Reflecting on women in the visual arts in 1972 vs. today
Posted by: Annette Polan
I stumbled into the Corcoran Conference on Women and the Visual Arts in 1972 totally by chance. As a young graduate student in fine arts with an undergraduate degree in art history, I had very little real world experience. I knew no one and was unaware of what was going on in the art world or how it affected me.
The Corcoran auditorium was standing room only – full of women artists and art professionals from around the country. Fed up with the status quo of the male-dominated art world, a small group of women from Washington organized the conference not just as a protest aimed at the Corcoran Biannual which included no women; but also as an opportunity to draw women together to exchange ideas. This forum was a democratic gathering of young, old, well-known and emerging – women who were able to reach out to each other and collaborate to bring about imperative sociological changes. It was a time of great ferment after a long history of isolation. I remember the conference as a time of new friendships and bonding.
The conference lasted a short time but it permanently harnessed the anger and resolve that drew us together. I remember a rush afterwards to form the Washington Women’s Printmaker’s Group, the DC Registry of Women’s Slides (this later became the Women’s Center), and the Washington Women’s Art Professionals as ways to continue the energy generated by the conference. We started Consciousness Raising Groups. Mary Beth Edelson offered a Smithsonian course on Women and the Arts. Charlotte Robinson organized a quilt project that connected women artists and craftswomen from around the country. There were other collaborative art projects and performances. And in 1980, the Women’s Caucus of College Art Association, another outgrowth, got the President Jimmy Carter to recognize five significant women artists in the Oval Office.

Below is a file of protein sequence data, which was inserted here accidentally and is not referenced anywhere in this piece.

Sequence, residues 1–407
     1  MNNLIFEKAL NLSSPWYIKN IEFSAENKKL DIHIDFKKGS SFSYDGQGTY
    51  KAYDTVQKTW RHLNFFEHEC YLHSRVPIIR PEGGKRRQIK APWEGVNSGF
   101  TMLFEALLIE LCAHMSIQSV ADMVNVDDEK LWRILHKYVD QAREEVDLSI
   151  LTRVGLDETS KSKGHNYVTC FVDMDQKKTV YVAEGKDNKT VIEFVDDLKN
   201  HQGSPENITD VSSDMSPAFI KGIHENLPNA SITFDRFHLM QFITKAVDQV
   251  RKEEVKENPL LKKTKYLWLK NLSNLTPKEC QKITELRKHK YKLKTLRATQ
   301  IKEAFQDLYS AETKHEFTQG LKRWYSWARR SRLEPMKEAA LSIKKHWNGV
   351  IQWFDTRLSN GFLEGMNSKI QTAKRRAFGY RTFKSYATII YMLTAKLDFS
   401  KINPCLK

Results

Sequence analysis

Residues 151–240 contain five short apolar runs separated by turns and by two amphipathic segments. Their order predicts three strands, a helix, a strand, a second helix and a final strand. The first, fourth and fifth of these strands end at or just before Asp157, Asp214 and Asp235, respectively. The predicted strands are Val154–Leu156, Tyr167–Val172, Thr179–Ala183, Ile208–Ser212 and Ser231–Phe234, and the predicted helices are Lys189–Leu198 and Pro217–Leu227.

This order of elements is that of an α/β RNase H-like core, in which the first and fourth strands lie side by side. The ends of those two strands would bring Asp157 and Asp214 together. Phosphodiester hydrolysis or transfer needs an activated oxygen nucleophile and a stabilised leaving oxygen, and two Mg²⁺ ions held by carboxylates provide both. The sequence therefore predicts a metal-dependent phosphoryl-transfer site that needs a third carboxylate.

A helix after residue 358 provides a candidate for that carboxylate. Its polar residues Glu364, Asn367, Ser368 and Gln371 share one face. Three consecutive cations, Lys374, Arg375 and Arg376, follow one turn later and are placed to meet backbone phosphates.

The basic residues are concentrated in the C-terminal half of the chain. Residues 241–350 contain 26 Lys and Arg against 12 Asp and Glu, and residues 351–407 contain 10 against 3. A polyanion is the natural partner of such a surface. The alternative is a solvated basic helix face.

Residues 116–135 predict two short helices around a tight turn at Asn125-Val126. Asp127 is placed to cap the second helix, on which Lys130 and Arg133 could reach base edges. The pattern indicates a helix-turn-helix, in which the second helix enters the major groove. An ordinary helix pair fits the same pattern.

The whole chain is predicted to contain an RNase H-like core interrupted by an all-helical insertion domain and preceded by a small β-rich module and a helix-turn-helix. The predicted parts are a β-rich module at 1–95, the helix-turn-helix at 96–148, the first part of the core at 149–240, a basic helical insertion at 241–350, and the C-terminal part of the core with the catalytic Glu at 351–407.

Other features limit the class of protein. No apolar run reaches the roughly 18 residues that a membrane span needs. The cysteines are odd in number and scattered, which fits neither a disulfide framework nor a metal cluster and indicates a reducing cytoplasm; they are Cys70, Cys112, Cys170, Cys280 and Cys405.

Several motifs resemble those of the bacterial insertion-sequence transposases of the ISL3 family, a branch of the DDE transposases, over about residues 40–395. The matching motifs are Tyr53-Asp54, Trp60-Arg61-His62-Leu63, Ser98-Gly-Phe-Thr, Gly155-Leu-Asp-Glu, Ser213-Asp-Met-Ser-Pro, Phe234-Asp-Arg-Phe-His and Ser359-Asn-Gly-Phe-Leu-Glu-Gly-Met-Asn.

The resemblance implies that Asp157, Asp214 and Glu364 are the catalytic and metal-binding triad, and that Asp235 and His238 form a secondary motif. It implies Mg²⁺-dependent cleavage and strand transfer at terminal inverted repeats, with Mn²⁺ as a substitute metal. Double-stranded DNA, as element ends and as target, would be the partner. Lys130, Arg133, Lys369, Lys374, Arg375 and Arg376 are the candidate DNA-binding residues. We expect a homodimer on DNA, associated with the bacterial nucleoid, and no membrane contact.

Several of us organized the first juried exhibition of women artists with work by artists from Washington, Baltimore and Richmond. New York artists visited Washington studios and selected women to show at A.I.R. and other cooperative galleries in NYC. As one of only three women on the faculty, Rosemary Wright opened the door for me to teach at the Corcoran College of Art. The brief encounter with talented, feisty women hungry for change in 1972 had a lasting impact on my life. The Corcoran Conference was a catalyst for an empowering exchange that helped me find my voice and define my mission as an artist, an educator and a citizen. It helped me build the confidence to develop professional practices that have enabled me to be a self-supporting artist. I have been able to reach out to emerging artists – male and female – and share with them professional wisdom and contacts and knowledge of the wise and talented women who made this possible.
Image: Annette Polan in her Forest Hills studio. Photo by Lee Armfield Cannon. Courtesy of Forest Hills Connections